Not gonna lie… got a pretty mellow vibe for this week’s updates.
This looked (similar) to Jim Tressel’s best teams. Instead of forcing the issue–faking a field goal, trying an onside, or simply heaving the ball downfield hoping something might break the stasis–Meyer’s 2012 team did what a Jim Tressel team would have in punting, taking field goals where it could get it, and then daring Michigan to do something with the ball. That something was the same rollout pattern Michigan had tried all game long, and that something ended up being the game-clinching Interception.
This was all far more entertaining than it sounds. You could hear Gardner getting hit up in the second deck where we were. If you have opiates, please bring them to the Michigan football offices. They are in need of them.
Ohio State’s band SLAUGHTERED Michigan’s band. If this were a football game, it would have been Florida State/Savannah State. I remember the Ohio State band nailing a straight line across eight yards of formation, and the Michigan band doing a half-assed boogaloo before farting away quietly for the remainder of their show. The Best Damn Band in the land is an affront to college marching bands in the sense that they appear to work hard, have discipline, and wear clean uniforms while playing a mean version of Stravinsky’s Firebird.
That is a compliment, because all of those things are usually good, and it makes other college marching bands look bad in comparison when you’re all good at things. Well-done.
If you weren’t in Columbus on Saturday and missed the performance, here you go:
Commentary- Coaching Searches
Sunday was the end of the road for a number of coaches’ current tenures, with Colorado/NC State/Auburn/Boston College joining Kentucky/Tennessee/Arkansas in looking for new head coaches in the coming months. On Tuesday, Southern Miss was added to their list, after coach Ellis was canned following one season where he went 0-12. We’re starting to hear the wheels turning on the next phases of the great shuffle- Sonny Dykes interviewing at NC State? Purdue interested in Coach Warinner? Arkansas throwing a truckload of money at Les Miles? And now we know that Mark Stoops has officially left FSU for Kentucky- a job that many people thought was a “dead end”, given the conference competition, the institutional focus on basketball, and the regional dominance by Ohio State and Tennessee.
Also on Tuesday, though, there were a couple of folks who made some observations about the process and wondered if there might be something deeper involved as well. First, Seth Wickersham referred to a Sports Illustrated report that said that many minority coaches don’t get second chances once fired; he refers to Tyrone Willingham, although Rich Rodriguez also comes to mind. Later, former Colorado coach Bill McCartney wonders if the transition in Boulder might also have racial factors at play-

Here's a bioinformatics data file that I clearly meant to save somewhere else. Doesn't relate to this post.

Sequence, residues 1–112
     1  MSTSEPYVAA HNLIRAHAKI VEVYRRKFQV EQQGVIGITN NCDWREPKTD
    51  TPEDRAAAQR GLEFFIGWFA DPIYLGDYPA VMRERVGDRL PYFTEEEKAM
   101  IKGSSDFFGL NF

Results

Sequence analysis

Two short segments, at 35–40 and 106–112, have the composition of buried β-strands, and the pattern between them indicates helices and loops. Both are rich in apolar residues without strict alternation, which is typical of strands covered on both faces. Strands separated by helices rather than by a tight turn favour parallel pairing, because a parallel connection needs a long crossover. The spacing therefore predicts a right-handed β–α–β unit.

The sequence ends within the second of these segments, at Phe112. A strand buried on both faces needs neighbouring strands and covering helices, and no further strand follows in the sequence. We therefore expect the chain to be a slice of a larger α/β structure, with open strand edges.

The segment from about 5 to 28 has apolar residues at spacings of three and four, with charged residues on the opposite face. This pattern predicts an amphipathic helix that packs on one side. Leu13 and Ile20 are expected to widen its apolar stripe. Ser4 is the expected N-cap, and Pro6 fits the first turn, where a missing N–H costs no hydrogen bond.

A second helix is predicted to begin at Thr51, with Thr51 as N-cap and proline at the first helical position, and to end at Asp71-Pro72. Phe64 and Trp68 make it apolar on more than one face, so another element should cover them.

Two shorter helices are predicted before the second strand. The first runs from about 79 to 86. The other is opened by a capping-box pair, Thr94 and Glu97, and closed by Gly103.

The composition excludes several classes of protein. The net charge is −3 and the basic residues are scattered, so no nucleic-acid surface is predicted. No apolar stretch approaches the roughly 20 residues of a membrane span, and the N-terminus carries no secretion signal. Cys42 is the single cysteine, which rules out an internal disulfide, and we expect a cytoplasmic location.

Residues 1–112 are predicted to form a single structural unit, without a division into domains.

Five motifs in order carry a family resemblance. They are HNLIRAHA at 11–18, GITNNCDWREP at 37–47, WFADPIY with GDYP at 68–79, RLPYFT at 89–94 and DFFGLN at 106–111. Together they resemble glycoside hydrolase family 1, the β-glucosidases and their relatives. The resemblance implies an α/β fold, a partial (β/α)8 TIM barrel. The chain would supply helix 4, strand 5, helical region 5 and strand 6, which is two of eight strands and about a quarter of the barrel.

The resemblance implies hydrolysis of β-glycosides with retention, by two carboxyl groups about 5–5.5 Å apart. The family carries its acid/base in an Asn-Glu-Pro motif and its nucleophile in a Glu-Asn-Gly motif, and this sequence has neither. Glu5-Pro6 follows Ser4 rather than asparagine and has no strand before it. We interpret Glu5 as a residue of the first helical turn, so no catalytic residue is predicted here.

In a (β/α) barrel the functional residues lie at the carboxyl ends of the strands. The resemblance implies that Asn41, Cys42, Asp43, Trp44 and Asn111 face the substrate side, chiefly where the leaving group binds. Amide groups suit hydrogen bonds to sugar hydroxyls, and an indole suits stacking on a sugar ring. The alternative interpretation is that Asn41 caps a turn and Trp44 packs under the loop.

I believe black men have less opportunity, shorter time if you will. It’s just like, Dan Hawkins got five full years. Why not give Jon Embree five years? You signed him to a five-year contract. Men of color have a more difficult road to tread. It didn’t happen to me. Why should it happen to a black man?
It’s an interesting question that was raised by many during the Charlie Weis tenure in South Bend- He was given a contract extension and lots of grace after similar or worse on field results than his African American predecessor (the aforementioned Willingham). The fact that Weis only had success with Willingham’s athletes added to the confusion and concern that perhaps the coaches’ race and backgrounds might also be at play.
This is a difficult, and sensitive topic, and one that we’ve talked about a little in previous discussions. Given the large amount of student athletes who are minorities, does it make sense that so few Division 1 coaches are as well? Just looking at the major conferences, the numbers are pretty interesting:
So, the questions- Should it matter? The NFL has adopted the “Rooney Rule” to ensure access and opportunity for candidates who might otherwise not get considered given the traditional process that only saw the usual suspects get looks- recognizable names with “experience”, people who had “connections” and “relationships” with the folks who are making decisions. In other words, more of the same. The results have been solid- the Bears/Colts Super Bowl was the first to have two African American head coaches on opposite sidelines; the Steelers have also won a title with a young coach who might not have been given an interview without the rule.
As we hear the names of the same people as currently have or had coaching gigs rotate across the rumor mill for openings at the Division 1 level, it does make me wonder if at some point the NCAA (or its member institutions) might create a similar set of guidelines. At this point, only Louisville’s Charlie Strong is tied to any of these opportunities; although that shifts him from one major conference to another. Given that many universities have policies and practices to ensure equal opportunities for candidates, it seems possible that this might also apply to the people who might lead the teams that are often the public faces of the institutions.
I’d love to hear other perspectives- Should the ethnicity of a coach matter, given the makeup of a program and its participants? If so, how should this be addressed? Again, a controversial and complicated topic, but one that might be interesting to be mindful of as the names swirl and the faces change programs.
Across The NCAA
I hate shopping, particularly with tons of people… but this is something I could get behind: